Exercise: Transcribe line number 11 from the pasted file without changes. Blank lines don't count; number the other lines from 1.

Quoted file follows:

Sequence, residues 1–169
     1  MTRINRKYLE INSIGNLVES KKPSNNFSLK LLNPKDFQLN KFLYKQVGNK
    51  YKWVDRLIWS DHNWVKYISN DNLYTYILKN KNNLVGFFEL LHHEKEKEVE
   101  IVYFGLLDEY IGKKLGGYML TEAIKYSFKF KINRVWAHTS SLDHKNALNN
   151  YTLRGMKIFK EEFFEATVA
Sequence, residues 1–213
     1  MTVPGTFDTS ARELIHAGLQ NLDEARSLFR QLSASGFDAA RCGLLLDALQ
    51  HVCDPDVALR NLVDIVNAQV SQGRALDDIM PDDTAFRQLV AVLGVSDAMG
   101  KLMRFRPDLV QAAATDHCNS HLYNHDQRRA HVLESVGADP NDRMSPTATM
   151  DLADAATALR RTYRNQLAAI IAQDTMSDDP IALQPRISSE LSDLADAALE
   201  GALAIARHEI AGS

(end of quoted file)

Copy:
   201  GALAIARHEI AGS